Curiosity lands safely, is spied by HiRISE in descent to Mars

Photo: Mars Rover "Curiosity" hangs from its supersonic parachute. Credit: NASA/JPL-Caltech/Univ. of Arizona

Plummeting through the thin atmosphere of Mars, Mars rover “Curiosity” (still inside its protective enclosure) hangs from its supersonic parachute. White square indicates parachute (above) and protective aeroshell, below. This image captured by the “Mars Reconnaissance Orbiter” spacecraft in orbit around the Red Planet. Credit: NASA/JPL-Caltech/Univ. of Arizona

PASADENA, Calif. — NASA’s most advanced Mars rover Curiosity has landed on the Red Planet. The one-ton rover, hanging by ropes from a rocket backpack, touched down onto Mars Sunday to end a 36-week flight and begin a two-year investigation.

Photo: Heavily-cropped MRO image of Curiosity on its parachute. Credit: NASA/JPL-Caltech/Univ. of Arizona

This is a tight crop of the full image showing the remarkable detail produced by the MRO’s HiRISE instrument – Curiosity in its aeroshell suspended from its supersonic parachute (about 50 ft. in diameter). Credit: NASA/JPL-Caltech/Univ. of Arizona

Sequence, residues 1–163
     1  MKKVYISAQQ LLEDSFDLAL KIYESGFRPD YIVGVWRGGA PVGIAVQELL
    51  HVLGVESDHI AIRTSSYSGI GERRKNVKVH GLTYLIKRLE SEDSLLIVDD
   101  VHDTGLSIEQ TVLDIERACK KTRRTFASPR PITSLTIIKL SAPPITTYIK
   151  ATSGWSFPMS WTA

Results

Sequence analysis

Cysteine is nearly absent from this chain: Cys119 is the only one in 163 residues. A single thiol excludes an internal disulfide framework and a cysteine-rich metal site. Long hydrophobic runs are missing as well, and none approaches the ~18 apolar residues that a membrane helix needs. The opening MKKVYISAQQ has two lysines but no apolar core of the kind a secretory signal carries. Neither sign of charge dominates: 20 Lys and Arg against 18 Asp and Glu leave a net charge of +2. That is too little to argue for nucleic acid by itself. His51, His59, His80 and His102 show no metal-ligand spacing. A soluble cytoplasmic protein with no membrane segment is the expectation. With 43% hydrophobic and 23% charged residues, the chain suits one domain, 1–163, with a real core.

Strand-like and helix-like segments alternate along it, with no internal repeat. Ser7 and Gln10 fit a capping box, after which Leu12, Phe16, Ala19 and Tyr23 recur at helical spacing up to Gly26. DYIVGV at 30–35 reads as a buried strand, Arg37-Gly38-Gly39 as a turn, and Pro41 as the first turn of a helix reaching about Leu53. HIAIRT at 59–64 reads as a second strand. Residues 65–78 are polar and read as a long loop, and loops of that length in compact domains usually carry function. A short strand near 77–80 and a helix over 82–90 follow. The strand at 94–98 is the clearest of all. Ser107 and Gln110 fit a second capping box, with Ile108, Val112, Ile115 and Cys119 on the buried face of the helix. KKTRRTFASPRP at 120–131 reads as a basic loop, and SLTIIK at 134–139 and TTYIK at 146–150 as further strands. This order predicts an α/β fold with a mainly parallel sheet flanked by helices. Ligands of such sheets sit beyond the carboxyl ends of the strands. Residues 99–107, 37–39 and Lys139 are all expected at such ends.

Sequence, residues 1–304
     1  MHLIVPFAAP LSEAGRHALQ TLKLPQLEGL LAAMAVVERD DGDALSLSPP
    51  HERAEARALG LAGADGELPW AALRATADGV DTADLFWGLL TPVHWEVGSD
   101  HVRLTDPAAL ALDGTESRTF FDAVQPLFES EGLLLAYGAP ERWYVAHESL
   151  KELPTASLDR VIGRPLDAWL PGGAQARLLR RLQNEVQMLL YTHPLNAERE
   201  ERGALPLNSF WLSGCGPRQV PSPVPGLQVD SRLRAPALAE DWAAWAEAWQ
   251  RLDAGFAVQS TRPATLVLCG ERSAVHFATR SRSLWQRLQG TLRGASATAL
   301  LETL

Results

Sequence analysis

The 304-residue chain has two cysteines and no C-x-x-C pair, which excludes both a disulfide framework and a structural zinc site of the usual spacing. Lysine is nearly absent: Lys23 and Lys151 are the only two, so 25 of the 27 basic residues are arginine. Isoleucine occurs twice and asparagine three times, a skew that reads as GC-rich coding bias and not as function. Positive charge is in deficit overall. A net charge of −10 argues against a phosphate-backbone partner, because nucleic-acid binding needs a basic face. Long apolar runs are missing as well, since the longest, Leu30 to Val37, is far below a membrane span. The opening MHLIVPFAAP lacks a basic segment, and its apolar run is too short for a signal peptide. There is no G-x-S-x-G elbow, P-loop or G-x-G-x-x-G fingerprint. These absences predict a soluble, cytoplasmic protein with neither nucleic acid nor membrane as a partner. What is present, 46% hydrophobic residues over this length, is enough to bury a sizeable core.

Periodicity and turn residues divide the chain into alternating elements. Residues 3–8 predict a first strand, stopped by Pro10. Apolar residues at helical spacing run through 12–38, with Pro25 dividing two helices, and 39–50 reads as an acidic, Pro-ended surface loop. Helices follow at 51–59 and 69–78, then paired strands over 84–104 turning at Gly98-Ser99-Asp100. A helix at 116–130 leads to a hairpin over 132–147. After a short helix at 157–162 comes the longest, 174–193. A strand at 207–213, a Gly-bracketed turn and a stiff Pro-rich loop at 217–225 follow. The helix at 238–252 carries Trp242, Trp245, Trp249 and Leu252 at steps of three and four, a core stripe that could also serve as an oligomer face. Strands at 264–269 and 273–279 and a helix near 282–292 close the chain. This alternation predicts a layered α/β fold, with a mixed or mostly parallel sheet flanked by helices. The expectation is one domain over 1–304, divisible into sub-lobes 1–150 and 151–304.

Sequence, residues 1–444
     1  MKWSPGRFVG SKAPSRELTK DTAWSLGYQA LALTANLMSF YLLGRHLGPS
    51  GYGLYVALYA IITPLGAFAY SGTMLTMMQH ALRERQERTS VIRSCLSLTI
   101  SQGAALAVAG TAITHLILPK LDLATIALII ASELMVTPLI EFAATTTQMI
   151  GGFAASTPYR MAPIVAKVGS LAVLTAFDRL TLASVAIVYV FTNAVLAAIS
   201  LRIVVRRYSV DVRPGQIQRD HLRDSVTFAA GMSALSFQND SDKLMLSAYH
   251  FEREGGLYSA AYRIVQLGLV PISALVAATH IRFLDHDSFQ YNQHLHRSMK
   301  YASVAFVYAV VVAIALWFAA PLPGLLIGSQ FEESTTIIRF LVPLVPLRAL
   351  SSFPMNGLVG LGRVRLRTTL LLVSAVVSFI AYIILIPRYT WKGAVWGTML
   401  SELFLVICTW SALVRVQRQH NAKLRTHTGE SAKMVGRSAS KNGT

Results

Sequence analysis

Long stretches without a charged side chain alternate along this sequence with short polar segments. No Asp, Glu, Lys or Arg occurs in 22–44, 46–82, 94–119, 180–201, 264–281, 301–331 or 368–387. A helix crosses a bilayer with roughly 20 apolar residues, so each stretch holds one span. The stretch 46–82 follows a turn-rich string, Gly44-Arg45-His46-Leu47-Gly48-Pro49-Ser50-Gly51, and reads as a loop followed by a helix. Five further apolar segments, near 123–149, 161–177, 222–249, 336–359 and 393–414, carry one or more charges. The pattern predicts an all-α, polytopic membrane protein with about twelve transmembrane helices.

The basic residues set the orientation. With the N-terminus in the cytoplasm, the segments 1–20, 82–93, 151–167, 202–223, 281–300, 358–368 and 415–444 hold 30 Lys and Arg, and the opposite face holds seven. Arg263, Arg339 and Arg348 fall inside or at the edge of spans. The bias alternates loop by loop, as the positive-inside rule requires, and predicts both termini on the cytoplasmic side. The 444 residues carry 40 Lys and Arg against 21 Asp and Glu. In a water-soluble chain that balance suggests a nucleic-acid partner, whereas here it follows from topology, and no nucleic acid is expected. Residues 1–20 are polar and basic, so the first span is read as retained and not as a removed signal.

The Mars Science Laboratory (MSL) spacecraft that carried Curiosity succeeded in every step of the most complex landing ever attempted on Mars, including the final severing of the bridle cords and flyaway maneuver of the rocket backpack.

Curiosity landed at 10:32 p.m. PDT Aug. 5, (1:32 a.m. EDT Aug. 6) near the foot of a mountain three miles tall and 96 miles in diameter inside Gale Crater.

During a nearly two-year prime mission, the rover will investigate whether the region ever offered conditions favorable for microbial life.

The rover, powered by a radioactive heat source rather than solar cells, is expected to last at least two Earth years and can continue to operate through the incredibly cold and dark Martian winter. Winter was and is a danger for solar-powered rovers like Opportunity, still operating on the surface of Mars, as is accumulation of light-blocking dust.

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The four main pieces of hardware that arrived on Mars with NASA’s Curiosity rover were spotted by NASA’s Mars Reconnaissance Orbiter (MRO). The High-Resolution Imaging Science Experiment (HiRISE) camera captured this image about 24 hours after landing. Credit: NASA/JPL-Caltech/Univ. of Arizona

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